|Released||Developers: May 2013
|Price||1000 USD (2015)|
|Controls||touchpad, voice, gestural, inertial|
Google Glass are AR smartglasses developed by Google Inc. It is a standalone device that needs to be connected to other devices running Google’s Android OS, mainly smartphones. It uses a small display hovering in front of the user’s left or right eye. The user can control the device either by a small touch-pad on the side of the device or by using voice commands. The label glasses here could be misleading, by default Glass does not come paired with any lenses, the device itself is a slim glasses-like frame with the HUD unit attached to it. So far only a group of early-adopters selected by Google called ‘Glass Explorers’ could test out the device after paying 1500 USD for the developer version of it. After this testing phase, Google halted the sales of Glass, saying that it will take some time to perfect it. Thanks to a big marketing campaign, Google Glass created a number of controversies, see below for more details.
Thanks to the hype Google created, smartglasses and other HMDs, experience a boom that has not been seen before. Even if Google Glass discontinued the device for now, the interest in the technology created a better market for such devices and this lead to many new projects being unveiled.  Following the discontinuation in 2015, Google shut down the associated social media accounts for Google Glass in January 2016.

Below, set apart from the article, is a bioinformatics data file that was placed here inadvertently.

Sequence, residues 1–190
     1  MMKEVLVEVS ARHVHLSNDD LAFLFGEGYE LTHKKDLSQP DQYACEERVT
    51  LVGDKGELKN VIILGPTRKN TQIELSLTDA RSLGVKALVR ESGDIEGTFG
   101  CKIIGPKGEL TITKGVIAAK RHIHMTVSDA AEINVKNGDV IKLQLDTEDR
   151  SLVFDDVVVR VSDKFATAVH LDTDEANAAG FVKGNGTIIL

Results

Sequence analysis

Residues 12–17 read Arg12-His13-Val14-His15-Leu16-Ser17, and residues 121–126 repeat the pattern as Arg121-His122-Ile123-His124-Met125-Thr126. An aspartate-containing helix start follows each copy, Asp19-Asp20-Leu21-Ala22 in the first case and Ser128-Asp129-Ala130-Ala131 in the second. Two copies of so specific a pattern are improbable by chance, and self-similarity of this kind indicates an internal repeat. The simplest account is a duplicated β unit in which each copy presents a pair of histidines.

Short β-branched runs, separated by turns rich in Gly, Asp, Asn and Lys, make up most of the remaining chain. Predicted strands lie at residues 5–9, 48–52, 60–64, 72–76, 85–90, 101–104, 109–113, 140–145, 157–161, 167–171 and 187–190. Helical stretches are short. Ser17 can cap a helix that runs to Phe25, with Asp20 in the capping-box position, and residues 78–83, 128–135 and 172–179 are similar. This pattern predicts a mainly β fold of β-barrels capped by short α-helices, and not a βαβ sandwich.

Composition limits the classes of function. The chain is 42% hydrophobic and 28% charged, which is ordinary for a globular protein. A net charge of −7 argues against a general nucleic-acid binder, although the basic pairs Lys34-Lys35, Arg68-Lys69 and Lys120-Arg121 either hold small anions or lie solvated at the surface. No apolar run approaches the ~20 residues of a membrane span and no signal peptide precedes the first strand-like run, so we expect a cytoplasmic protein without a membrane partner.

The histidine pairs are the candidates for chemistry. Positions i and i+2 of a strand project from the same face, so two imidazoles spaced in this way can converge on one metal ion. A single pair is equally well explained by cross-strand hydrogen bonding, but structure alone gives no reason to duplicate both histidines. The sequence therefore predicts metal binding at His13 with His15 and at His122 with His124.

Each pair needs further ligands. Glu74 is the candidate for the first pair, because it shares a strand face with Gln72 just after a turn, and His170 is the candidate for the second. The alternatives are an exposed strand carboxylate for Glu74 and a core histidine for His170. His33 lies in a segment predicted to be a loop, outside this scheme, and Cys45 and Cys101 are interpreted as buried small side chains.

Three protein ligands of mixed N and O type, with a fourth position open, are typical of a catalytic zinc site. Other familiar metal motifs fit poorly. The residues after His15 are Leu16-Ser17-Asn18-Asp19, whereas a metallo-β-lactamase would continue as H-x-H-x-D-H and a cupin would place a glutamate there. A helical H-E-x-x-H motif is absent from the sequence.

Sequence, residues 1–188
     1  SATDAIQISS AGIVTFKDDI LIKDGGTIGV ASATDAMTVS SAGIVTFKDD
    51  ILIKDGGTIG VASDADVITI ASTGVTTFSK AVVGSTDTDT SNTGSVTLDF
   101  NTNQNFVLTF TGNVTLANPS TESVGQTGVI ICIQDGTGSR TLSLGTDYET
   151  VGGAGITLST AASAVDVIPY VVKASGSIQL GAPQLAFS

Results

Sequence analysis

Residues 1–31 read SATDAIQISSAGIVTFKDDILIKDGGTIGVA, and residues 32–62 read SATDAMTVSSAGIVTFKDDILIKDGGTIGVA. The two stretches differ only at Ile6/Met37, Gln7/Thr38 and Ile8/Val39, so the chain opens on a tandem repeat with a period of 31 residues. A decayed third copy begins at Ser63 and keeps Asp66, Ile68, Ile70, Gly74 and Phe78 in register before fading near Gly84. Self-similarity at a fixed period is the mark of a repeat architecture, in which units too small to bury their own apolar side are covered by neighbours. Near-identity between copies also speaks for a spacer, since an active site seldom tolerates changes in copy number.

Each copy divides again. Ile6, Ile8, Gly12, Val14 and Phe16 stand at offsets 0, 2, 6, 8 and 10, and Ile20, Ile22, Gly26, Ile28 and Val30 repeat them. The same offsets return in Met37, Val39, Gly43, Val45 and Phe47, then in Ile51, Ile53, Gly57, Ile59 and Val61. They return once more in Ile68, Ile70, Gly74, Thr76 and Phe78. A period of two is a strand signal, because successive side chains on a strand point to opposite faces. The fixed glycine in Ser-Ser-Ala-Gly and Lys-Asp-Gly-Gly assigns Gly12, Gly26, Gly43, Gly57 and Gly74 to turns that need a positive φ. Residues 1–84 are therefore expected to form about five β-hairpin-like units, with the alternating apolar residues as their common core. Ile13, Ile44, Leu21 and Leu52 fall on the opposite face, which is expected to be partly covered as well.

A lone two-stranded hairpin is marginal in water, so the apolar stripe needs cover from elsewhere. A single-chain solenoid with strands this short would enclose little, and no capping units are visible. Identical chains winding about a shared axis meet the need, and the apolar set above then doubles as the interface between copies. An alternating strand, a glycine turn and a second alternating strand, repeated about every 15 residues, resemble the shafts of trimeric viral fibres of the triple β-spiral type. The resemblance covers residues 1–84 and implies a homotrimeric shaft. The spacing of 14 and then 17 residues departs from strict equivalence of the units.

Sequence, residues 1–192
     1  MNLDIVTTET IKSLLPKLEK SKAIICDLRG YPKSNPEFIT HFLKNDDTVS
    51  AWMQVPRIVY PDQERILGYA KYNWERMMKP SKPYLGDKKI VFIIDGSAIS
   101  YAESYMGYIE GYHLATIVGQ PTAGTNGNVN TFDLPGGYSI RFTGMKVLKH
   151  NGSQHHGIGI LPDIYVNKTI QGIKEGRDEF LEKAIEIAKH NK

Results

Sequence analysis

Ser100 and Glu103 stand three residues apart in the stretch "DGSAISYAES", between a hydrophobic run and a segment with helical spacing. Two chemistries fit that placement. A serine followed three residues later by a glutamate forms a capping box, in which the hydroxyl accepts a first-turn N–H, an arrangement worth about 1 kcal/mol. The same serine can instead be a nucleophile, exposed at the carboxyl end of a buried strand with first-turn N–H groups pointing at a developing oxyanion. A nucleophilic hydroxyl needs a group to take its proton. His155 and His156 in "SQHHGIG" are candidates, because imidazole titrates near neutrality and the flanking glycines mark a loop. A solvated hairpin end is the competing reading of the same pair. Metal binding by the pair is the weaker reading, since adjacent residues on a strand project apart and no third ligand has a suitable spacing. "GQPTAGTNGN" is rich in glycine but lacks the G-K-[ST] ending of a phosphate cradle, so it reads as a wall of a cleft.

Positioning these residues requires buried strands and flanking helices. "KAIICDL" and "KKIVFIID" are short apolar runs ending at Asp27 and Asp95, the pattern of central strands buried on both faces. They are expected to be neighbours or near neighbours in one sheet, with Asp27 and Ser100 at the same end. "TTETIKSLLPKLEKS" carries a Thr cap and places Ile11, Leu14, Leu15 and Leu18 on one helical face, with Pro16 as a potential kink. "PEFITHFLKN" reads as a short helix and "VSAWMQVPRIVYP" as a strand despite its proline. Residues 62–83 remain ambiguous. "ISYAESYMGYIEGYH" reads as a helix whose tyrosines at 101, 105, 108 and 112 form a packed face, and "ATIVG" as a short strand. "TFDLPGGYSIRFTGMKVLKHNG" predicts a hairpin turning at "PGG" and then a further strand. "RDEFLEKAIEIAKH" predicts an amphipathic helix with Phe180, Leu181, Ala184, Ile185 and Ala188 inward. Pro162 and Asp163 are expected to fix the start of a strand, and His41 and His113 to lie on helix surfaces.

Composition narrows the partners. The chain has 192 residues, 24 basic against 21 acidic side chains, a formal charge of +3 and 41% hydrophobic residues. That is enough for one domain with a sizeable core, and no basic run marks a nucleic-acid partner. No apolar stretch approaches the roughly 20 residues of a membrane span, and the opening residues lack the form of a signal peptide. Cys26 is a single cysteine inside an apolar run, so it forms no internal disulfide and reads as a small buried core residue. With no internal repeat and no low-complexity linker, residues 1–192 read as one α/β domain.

The device consists of a titanium frame of four different designs, nose-bridge and an attached 640x360 pixels prism projector piece which also contains the processing unit and a 12GB memory that can be expanded by Google cloud storage. Google describes the projection as the “the equivalent of a 25 inch high definition screen from eight feet away.” Other notable features are a 5 Mpx camera, microphone, accelerometer, gyroscope, magnetometer, GPS, touch-pad and a 570mAh battery. Glass runs Google’s Android operating system and can connect to other Android, iOS or Bluetooth devices, or the Internet via Wi-Fi, Bluetooth or microUSB connection. Sound feedback is conveyed through an oval speaker on the inside of the battery pod or via attachable ear buds.